Ireland day 0027. Monday 25 October 2021- Gap

Ireland day 0027. Monday 25 October 2021- Gap
Today’s summary Admin in the morning, then a short walk on the beach at Meaghsland to close the gap between the Clogherhead and Termonfeckin walks
Today’s weather Rain showers overnight but dry all day today with plenty of sunshine and little wind.   About 14C
IMG_5514 meaghsland map
Today’s overview location
(the red cross in a circle shows where Val and I are at the moment)
Close-up location
The red line is today’s walk, the northerly black line is the Clogherhead walk, and the lower black lines are the Termonfeckin walk (N) and the Baltray walk (S).  Today’s walk closed the gap between the upper two.
(Click the button below to download a GPX of our walk)
Gap gpx

Last night we streamed a UK music station into the cottage over the wifi.   It was a strangely unsettling experience, actually.   Not the music so much, but listening to the commentary.  The DJ was speaking in what is already beginning to sound like a slightly unfamiliar English accent, and the adverts for London law firms and west coast train operators might just as well have been promoting cheese on the moon.   It made me realise that we’ve already been in Ireland for almost a month, and begun to establish a bit of a new way of life over here.   I almost didn’t want to be reminded of the world we have left behind – because it made me feel slightly as if I didn’t actually belong anywhere at all.

The evening’s introspections behind us, we decided to head back to the coast today.   We love it over there – the feeling of space, and the freedom to walk pretty much anywhere you want without the fear of barbed wire or angry farmers to block your way.   We studied the map and realised that we had almost walked the length of the coast from Port Oriel in the north to Beaulieu in the south, but that a critical gap remained  midway, between Termonfeckin (there – I’ve said it again) and Clogherhead.

So after another morning of admin and keeping in touch with friends and relatives, and given that the sun was still shining brightly, we boldly stepped out northwest to close the Termonfeckin Gap.   Drogheda successfully negotiated (the traffic is always terrible there – even on a Bank Holiday like today) we arrived at Meaghsland – in the middle of the gap – just in time for lunch.   We were particularly keen to close the gap today as we move down to Malahide on Wednesday and the next chapter in our explorations is likely to be a bit further to the south.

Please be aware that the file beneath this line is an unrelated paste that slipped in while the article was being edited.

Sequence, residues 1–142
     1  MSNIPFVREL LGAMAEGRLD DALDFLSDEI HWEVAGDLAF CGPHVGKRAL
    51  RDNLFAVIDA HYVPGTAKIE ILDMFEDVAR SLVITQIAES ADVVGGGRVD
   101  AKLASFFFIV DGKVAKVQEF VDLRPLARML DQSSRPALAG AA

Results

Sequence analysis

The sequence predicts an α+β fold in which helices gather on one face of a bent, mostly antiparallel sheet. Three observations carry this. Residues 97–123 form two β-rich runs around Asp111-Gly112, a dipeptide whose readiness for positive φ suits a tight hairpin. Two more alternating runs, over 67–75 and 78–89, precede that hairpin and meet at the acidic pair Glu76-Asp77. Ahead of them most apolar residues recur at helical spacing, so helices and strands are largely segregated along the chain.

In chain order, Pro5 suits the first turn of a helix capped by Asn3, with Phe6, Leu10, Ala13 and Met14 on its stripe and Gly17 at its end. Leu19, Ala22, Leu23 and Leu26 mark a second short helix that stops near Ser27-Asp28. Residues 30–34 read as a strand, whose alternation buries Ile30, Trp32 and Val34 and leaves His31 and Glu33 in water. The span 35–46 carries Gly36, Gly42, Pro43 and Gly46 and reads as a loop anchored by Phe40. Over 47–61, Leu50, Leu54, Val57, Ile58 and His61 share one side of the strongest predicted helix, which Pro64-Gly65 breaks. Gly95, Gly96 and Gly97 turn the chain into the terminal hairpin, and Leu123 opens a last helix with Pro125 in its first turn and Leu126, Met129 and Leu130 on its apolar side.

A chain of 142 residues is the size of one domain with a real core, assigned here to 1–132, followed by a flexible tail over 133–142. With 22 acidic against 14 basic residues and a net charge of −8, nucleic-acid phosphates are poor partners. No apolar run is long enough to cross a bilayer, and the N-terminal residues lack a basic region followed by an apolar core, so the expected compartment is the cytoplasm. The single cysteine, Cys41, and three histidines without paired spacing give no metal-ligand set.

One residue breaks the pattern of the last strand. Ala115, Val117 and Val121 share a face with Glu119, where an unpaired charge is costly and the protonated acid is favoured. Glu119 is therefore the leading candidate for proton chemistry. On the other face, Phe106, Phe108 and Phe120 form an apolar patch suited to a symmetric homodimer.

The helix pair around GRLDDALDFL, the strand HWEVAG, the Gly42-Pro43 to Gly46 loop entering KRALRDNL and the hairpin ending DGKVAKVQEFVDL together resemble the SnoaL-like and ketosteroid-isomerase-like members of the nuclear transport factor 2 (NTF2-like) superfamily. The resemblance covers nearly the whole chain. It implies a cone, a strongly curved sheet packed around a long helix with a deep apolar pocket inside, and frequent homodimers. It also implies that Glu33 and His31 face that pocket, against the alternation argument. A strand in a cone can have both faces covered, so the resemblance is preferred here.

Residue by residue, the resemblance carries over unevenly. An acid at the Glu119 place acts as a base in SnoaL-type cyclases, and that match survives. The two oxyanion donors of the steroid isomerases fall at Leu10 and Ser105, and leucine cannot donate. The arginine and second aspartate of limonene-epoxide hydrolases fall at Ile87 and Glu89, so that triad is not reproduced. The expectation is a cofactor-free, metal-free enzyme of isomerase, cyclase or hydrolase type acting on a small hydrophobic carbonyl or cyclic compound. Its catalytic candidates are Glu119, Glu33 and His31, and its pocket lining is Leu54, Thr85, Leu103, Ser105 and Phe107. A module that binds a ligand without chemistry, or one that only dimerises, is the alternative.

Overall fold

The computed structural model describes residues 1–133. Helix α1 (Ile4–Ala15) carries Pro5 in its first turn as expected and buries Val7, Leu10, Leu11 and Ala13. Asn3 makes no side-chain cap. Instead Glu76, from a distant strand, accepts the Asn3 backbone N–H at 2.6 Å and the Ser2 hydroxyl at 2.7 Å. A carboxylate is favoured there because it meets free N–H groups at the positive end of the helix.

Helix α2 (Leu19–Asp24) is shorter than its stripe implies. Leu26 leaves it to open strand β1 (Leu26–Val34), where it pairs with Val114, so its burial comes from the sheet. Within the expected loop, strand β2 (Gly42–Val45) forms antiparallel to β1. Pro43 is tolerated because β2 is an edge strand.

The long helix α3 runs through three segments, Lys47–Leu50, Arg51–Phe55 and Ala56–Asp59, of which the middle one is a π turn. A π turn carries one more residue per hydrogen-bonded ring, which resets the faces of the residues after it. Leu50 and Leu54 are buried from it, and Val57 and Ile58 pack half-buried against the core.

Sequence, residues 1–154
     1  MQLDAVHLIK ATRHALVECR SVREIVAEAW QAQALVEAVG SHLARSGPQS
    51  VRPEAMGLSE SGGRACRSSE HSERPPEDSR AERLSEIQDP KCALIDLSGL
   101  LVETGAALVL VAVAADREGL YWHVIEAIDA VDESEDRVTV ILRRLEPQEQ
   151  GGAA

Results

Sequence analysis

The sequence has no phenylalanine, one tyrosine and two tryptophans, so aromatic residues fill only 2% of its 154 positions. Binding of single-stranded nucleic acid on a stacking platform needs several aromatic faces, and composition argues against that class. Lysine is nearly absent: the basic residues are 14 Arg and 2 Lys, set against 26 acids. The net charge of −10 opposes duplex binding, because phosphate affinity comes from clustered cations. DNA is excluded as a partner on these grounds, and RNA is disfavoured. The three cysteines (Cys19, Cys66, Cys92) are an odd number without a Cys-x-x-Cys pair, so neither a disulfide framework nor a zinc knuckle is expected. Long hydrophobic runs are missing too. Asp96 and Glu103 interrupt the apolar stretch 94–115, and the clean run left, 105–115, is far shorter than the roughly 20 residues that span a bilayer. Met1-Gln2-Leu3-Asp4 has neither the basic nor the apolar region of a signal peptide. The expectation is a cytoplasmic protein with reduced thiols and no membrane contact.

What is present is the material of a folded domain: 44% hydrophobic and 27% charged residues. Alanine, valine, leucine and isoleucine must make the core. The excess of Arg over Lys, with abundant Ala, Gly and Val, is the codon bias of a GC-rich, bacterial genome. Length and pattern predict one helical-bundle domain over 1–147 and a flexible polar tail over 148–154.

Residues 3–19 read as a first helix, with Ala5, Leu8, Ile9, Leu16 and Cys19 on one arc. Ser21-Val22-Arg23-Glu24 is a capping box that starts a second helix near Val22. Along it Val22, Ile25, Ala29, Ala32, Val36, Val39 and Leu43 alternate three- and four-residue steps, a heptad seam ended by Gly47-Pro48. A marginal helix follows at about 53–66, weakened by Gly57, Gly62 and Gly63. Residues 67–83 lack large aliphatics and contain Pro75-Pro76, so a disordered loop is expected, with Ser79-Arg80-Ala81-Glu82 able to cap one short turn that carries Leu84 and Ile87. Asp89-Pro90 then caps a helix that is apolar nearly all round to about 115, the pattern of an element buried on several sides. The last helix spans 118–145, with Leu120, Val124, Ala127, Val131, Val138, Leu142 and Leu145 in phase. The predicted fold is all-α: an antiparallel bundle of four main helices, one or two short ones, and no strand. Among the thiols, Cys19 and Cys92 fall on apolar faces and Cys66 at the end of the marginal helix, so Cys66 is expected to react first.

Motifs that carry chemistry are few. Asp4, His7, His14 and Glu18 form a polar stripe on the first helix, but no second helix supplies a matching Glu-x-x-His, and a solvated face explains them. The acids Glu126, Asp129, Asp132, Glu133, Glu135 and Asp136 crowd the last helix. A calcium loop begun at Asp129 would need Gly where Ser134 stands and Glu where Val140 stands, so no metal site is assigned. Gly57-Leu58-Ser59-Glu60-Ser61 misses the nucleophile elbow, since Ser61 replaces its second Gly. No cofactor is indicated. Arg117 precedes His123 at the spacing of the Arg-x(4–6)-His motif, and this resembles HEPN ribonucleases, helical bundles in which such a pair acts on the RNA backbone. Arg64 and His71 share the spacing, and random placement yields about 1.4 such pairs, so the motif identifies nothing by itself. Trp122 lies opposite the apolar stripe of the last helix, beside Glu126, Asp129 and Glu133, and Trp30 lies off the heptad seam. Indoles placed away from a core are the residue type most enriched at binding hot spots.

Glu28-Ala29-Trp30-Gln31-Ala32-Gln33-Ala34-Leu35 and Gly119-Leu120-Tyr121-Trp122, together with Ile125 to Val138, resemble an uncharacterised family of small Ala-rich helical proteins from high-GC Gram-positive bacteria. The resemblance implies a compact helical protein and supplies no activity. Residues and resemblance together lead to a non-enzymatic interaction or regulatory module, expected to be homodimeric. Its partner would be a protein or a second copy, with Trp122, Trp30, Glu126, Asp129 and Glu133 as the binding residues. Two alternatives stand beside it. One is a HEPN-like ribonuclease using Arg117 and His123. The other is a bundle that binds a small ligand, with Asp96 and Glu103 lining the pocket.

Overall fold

Today, the tide was in so the beach wasn’t quite as expansive as we had enjoyed on previous visits.   Still it was plenty wide enough to accommodate us and the groups of bank-holidaymakers who were out enjoying the autumn sunshine.

Once the gap was successfully closed (it wasn’t exactly the Darien Gap, it has to be said), we headed back to Ardcath for almost the last time, so that Val could join her fourth Irish Gaelic lesson.   She tells me she is making good progress – and even tries to get me to join in her conversations.   But it’s such a hard language, bearing absolutely no resemblance, as far as I can tell, to anything spoken anywhere else on earth – that she could be talking absolute gobbledegook, rather than asking me if I had flu and liked eating apples , as she claimed.   And by the way, why is it that all language courses are obsessed with apples and diseases?   We shall probably just have to wait until next week to find out.


Today’s photos (click to enlarge)

IMG_5492 IMG_5508
The lane between the main R166 and the beach at Meaghsland.   This part of Ireland is covered in a web of these narrow, single-track lanes.   They are a bit of a nightmare to drive, actually, as knowledgeable locals hare down them as if they were motorways.   Definitely not ideal for cyclists Setting out from Meaghsland.   The tide was in today, so we had to walk higher up the beach, often in the stony foreshore, as the wide expanses of firm sand that we normally use were still under water
IMG_5505 IMG_5512
Perfect pectens punctuate the shelly shoreline Rocky outcrop looking like something Perseverance might spot on Mars and take 50 days to reach
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Still on the rocky bit, looking south in the general direction of Termonfeckin Back on the sand
Setting out north from Meaghsland with Clogherhead on the horizon.   A bit further on we could see the Mournes poking out over the top.
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